Sunday, December 09, 2007

The outpouring of emotion over the passing of Al Scaduto was quite moving. The post breaking the news to the Comics Curmudgeon community has well over 200 commenters sharing their grief (and lest you think it's just people being polite in the face of mortality, the other posts this year about the various cartoon artists passing generaed nothing even approaching this; in fact, I'd say the comments on B.C.'s Johnny Hart ran pretty heavily to the negative). I spent most of yesterday pouring over the comments (until last night's poker tournament, when it was all business), and was a bit surprised how touched I was. But I was moved to see that my experience was hardly unique; I'd never heard of the strip before Josh started including it in his daily snark. I laughed at it, but also marvelled that such an anachronistic strip still exists. Gradually, I came to appreaciate its stylish art and playful language, and also cheered on with the rest of the Comics Curmudgeon community when a CC reader got an idea in the strip. I always intended to send in an idea, but due to it's unstuck-in-time nature, I guess I felt like I had forever to come up with a petty grievence to submit; now, sadly, I see that was far from true.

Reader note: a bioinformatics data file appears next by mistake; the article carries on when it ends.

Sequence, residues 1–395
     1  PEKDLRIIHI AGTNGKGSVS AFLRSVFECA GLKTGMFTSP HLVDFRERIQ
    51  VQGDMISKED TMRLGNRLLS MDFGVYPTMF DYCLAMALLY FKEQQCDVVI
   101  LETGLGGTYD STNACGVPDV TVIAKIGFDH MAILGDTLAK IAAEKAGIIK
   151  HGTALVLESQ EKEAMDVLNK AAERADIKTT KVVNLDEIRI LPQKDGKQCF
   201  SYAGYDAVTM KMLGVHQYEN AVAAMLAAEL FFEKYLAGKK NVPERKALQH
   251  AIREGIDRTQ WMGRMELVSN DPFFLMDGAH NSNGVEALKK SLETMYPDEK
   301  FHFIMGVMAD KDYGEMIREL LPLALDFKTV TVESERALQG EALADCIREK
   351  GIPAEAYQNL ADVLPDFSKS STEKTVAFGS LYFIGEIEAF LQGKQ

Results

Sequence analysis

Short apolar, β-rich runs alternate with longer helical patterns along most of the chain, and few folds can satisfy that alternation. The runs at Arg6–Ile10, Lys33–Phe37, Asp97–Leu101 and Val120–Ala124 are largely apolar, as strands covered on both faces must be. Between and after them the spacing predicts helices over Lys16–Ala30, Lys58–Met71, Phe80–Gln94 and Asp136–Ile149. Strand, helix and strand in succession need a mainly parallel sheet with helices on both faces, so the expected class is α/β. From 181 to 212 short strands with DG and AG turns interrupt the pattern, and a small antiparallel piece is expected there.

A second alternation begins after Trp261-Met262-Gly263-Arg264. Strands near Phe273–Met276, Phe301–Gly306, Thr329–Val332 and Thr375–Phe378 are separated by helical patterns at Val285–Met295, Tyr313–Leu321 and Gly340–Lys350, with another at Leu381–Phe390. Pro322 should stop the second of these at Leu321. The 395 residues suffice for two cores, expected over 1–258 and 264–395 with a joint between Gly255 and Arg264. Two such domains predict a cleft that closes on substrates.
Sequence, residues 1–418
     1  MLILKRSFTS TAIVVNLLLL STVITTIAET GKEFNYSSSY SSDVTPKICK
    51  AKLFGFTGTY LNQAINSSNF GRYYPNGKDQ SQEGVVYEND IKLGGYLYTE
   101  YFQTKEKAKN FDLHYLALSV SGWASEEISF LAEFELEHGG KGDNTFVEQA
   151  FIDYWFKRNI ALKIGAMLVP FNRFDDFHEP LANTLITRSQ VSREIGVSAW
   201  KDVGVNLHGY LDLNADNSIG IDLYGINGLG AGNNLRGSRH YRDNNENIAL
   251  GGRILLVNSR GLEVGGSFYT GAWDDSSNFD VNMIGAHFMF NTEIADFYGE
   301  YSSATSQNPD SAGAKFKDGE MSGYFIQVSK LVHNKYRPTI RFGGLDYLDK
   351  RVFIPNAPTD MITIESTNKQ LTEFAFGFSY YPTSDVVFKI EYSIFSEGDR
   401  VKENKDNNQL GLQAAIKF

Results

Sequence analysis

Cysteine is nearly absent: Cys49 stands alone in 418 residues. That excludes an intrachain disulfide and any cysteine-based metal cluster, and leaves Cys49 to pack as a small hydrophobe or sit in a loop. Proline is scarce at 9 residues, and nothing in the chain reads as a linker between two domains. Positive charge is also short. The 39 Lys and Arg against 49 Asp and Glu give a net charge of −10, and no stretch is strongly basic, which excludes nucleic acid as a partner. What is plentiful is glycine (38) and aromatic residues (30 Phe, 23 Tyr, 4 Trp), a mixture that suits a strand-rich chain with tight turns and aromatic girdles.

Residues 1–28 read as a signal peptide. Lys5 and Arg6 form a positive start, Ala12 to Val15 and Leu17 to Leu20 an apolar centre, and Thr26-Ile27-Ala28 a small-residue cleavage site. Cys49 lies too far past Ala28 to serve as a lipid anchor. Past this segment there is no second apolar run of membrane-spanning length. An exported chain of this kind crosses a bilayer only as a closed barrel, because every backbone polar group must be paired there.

One thing that was particularly interesting in the comments was that, thanks be to Google, family and friends of Al Scaduto made it to the site, to share their impressions of the by-all-accounts kind and generous man. While their grief no doubt transcends the reaction of internet hipsters, it was interesting to hear his daughter's thoughts about the internet community that latched on to his strip, giving it, to borrow from another, less good-natured site, "a bizarre, ironic cult following:"

My sister Patricia and I (Debbie) have been reading your beautiful words about my father Al Scaduto this morning. When my father was in the hospital this week, I spent some time–the first time really–looking him up on the Internet. I found a site (not this one) that seemed to love him. And when he got out of the hospital, I had planned to show it to him. But then I ran across this site and saw what was being said about him and thought I better not ever let my father know what was going on on the Internet (I am sure it will come as no suprise to anyone here that my father was NOT comfortable in the computer age and wouldn’t have known how to cruise the Internet on his own). But I have changed my mind today. I would give anything for my father to see what you have written about him today. My father was the kindest, most generous, fun-loving person I knew and you all here have honored his memory with your generosity and kindness. So many of you got it right: more than being a great cartoonist, my father was a kind man. My family thanks you. Reading your words gives us great comfort. YOU all are a class act.

Please give the comments a read if you have time, and remember a good man who had a good run and will be missed by all. There's an "American Pie" parody for you in there somewhere, and some fan art, like this (and ain't it the truth; Google News turns up one news story about his passing, and it's in Italian).

Mike Lynch has updated his post with photos and memories of the man. Scaduto's funeral home has a guest book where you can pay your respects (and which notes that he lived in Milford, CT, setting of Gil Thorp--I expect a tribute strip, guy who draws Gil Thorp!).

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